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  1. ArchDaily
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  3. Our Amazon Frontline: Inside Perú's Pavilion at the 2016 Venice Biennale

Our Amazon Frontline: Inside Perú's Pavilion at the 2016 Venice Biennale

  • 04:00 - 6 July, 2016
  • by Equipo Editorial
  • Translated by Sandra Barclay, Jean Pierre Crousse
Our Amazon Frontline: Inside Perú's Pavilion at the 2016 Venice Biennale
Our Amazon Frontline: Inside Perú's Pavilion at the 2016 Venice Biennale, Our Amazon Frontline / Pabellón de Perú en la Bienal de Venecia 2016. Image © Laurian Ghinitoiu
Our Amazon Frontline / Pabellón de Perú en la Bienal de Venecia 2016. Image © Laurian Ghinitoiu

As part of ArchDaily's coverage of the 2016 Venice Biennale, we are presenting a series of articles written by the curators of the exhibitions and installations on show.

The Amazon rainforest is our common frontline: constant battles are being fought to preserve the greatest source of biodiversity, oxygen production and climate regulation of the planet.

The Amazon is also the battlefront between the ancestral vision of its inhabitants and the modern vision that western society has over this territory. If we were to learn from the indigenous knowledge, now endangered by hegemonic “western civilization”, we would open an unforeseen insight about medicine, nutrition, and the sustainable production of the rainforest. The dissolution of this last frontline would have global implications and it would even change the way we see our world.

Our Amazon Frontline / Pabellón de Perú en la Bienal de Venecia 2016. Image © Laurian Ghinitoiu Our Amazon Frontline / Pabellón de Perú en la Bienal de Venecia 2016. Image © Laurian Ghinitoiu Our Amazon Frontline / Pabellón de Perú en la Bienal de Venecia 2016. Image © Laurian Ghinitoiu Our Amazon Frontline / Pabellón de Perú en la Bienal de Venecia 2016. Image © Laurian Ghinitoiu + 14

The Peruvian Pavilion tells an unprecedented action in this sense: fighting poverty and preserving the Amazon Rainforest through education. The “Plan Selva”, a large-scale public program in our amazon region that reconstructs and rebuilds hundreds of schools scattered in inaccessible places without services, with a new educational program that favors multiculturalism and rescues the native languages.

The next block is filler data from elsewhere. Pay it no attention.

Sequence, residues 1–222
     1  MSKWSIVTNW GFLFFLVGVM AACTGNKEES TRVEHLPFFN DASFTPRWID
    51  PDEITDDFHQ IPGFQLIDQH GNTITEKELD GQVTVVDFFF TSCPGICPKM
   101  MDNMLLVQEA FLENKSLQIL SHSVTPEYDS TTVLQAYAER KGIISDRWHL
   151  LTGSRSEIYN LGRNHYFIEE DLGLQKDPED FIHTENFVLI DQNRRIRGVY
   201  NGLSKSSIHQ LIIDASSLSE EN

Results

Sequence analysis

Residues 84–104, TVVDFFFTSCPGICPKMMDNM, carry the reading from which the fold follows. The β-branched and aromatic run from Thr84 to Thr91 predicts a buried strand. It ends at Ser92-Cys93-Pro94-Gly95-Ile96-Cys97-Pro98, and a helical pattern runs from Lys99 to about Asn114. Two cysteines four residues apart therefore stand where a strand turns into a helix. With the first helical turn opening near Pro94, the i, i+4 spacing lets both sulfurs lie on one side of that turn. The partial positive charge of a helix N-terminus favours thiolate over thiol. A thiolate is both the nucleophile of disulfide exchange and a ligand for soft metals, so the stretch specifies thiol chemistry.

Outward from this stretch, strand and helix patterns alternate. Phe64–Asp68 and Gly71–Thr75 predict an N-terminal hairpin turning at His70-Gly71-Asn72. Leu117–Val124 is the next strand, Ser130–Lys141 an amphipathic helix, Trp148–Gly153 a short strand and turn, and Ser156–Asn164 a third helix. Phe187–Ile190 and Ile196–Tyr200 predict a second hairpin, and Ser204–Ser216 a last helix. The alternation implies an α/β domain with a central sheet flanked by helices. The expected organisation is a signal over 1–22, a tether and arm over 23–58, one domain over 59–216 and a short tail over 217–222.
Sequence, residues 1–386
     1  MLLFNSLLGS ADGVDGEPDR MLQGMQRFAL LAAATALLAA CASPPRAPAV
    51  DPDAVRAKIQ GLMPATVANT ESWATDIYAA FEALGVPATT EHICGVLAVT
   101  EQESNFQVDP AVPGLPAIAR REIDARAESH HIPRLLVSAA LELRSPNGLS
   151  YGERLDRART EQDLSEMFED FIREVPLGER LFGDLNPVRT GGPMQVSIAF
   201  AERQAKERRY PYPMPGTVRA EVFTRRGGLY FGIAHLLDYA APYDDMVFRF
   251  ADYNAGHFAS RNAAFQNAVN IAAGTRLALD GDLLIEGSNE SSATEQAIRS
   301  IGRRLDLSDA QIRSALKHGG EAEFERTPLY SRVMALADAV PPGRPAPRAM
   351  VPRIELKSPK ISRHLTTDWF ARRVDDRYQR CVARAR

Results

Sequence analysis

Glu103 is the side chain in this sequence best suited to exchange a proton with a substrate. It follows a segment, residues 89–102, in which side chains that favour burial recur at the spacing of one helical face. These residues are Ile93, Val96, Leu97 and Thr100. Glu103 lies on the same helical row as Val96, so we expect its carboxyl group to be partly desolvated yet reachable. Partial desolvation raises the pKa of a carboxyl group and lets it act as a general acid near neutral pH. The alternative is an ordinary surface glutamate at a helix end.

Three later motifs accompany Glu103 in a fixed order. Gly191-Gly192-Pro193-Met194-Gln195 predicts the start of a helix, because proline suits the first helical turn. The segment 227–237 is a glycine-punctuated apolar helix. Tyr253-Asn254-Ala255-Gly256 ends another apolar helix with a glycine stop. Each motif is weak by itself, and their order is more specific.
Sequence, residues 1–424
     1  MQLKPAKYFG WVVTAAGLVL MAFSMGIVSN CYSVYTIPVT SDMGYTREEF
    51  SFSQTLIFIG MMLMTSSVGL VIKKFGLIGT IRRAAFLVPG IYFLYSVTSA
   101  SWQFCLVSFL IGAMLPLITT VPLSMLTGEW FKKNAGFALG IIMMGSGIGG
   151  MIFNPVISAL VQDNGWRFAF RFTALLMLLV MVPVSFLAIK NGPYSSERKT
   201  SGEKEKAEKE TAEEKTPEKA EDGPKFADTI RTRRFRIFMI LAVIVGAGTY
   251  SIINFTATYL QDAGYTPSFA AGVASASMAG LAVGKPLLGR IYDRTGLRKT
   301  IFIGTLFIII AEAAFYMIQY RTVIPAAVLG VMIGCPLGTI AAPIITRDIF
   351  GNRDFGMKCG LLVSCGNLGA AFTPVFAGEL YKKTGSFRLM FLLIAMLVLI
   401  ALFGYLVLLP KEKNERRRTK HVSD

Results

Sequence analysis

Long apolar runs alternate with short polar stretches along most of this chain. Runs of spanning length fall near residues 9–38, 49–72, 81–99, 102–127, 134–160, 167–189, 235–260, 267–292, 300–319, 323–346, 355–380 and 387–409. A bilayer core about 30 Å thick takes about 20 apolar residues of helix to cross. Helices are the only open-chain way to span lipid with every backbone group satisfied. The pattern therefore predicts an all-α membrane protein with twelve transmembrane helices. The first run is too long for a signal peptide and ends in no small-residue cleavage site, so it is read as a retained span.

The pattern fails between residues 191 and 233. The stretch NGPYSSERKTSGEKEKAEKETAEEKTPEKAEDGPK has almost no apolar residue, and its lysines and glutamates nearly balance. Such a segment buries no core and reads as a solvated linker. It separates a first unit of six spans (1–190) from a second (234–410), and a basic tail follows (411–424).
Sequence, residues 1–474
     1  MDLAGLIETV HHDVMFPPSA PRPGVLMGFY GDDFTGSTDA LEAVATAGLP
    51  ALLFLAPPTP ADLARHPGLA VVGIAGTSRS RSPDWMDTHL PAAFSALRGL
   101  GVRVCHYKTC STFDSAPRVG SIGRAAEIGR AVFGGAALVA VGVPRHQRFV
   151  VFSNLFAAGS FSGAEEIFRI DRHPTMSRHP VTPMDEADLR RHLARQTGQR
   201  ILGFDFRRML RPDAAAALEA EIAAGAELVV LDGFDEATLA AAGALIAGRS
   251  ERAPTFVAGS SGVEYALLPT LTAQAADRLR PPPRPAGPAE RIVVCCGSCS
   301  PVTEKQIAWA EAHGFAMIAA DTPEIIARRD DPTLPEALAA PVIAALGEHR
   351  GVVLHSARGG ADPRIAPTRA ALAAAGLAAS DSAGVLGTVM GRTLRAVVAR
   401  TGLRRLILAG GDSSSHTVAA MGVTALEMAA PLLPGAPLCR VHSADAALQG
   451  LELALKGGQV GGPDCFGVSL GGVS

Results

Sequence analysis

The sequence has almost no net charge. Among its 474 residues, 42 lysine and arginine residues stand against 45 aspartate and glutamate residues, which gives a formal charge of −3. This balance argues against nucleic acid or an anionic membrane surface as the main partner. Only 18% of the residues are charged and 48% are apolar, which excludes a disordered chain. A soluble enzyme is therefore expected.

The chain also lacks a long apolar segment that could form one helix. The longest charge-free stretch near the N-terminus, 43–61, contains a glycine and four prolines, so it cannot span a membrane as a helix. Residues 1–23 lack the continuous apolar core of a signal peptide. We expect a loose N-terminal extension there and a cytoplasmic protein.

Our Amazon Frontline / Pabellón de Perú en la Bienal de Venecia 2016. Image © Laurian Ghinitoiu
Our Amazon Frontline / Pabellón de Perú en la Bienal de Venecia 2016. Image © Laurian Ghinitoiu

The starting point for the project is an attentive dialogue with the Amazonian communities. It proposes a kit of modular parts that allows adapting to particular pedagogic requirements, topographical conditions and size of communities. The result is a climatic-sensitive modular architecture, respectful to the Amazonian way of life.

Our Amazon Frontline / Pabellón de Perú en la Bienal de Venecia 2016. Image © Laurian Ghinitoiu
Our Amazon Frontline / Pabellón de Perú en la Bienal de Venecia 2016. Image © Laurian Ghinitoiu

This project sets a unique precedent in a Peruvian public institution:  it relies on architecture for a massive educational program, restores dignity to a population that was historically relegated and offers a space for the balanced encounter between two apparently irreconcilable worlds.

Our Amazon Frontline / Pabellón de Perú en la Bienal de Venecia 2016. Image © Laurian Ghinitoiu
Our Amazon Frontline / Pabellón de Perú en la Bienal de Venecia 2016. Image © Laurian Ghinitoiu

Accompanying this architectural action, the exhibition immerses us in the Peruvian Amazon through visual actions that show the immeasurable mystery of its inhabitants and give a true " radiography " of the impenetrable lushness of the jungle.

Planta General. Image Courtesy of Barclay&Crousse
Planta General. Image Courtesy of Barclay&Crousse

The visitors will follow a ribbon printed with the faces of the Amazonian children by Musuk Nolte, and the footprint of the jungle, the “Amazogramas” created by Roberto Huarcaya.  This ribbon is suspended from a wooden canopy, in permanent equilibrium. Also suspended, a group of tables and chairs brought from the Amazonian schools, reveal the precarious and harsh conditions in which teachers and students interact today. The balance of the fragile and undulating ribbon compels us, as in the Amazon rainforest, to be responsible for preserving its balance.

Corte. Image Courtesy of Barclay&Crousse
Corte. Image Courtesy of Barclay&Crousse

OUR AMAZON FRONTLINE

Venue: Sale d’Armi, Arsenale
Participants: Ministry of Education – Plan Selva Project: Project leader: Elizabeth Añaños Team: Militza Carrillo, Miguel Chavez, Sebastián Cillóniz, Alvaro Echevarria, Gino Fernandez, Claudia Flores, Luis Miguel Hadzich, Daisuke Izumi, Alfonso Orbegoso, Carlos Tamayo, Alejandro Torero, Karel Van Oordt, José Luis Villanueva
Commissioner: José Orrego
Curators: Sandra Barclay, Jean Pierre Crousse
Patronage: Fundación Wiese, El Comercio
Production: Patronato
Photography: Roberto Huarcaya, Musuk Nolte, Rodrigo Adb
Project Managers: Claudia Ortigas, Mateo Eiletz
Graphic Design: Arturo Higa
Supporters: Promperu, Mincetur, Ministerio de Cultura, Ministerio de Relaciones Exteriores del Peru, Ministerio de Educación, Ministerio del Ambiente y Asociacion de Estudios de Arquitectura

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Cite: Equipo Editorial. "Our Amazon Frontline: Inside Perú's Pavilion at the 2016 Venice Biennale" 06 Jul 2016. ArchDaily. (Trans. Sandra Barclay, Jean Pierre Crousse) Accessed . <https://www.archdaily.com/790386/our-amazon-frontline-inside-perus-pavilion-at-the-2016-venice-biennale/> ISSN 0719-8884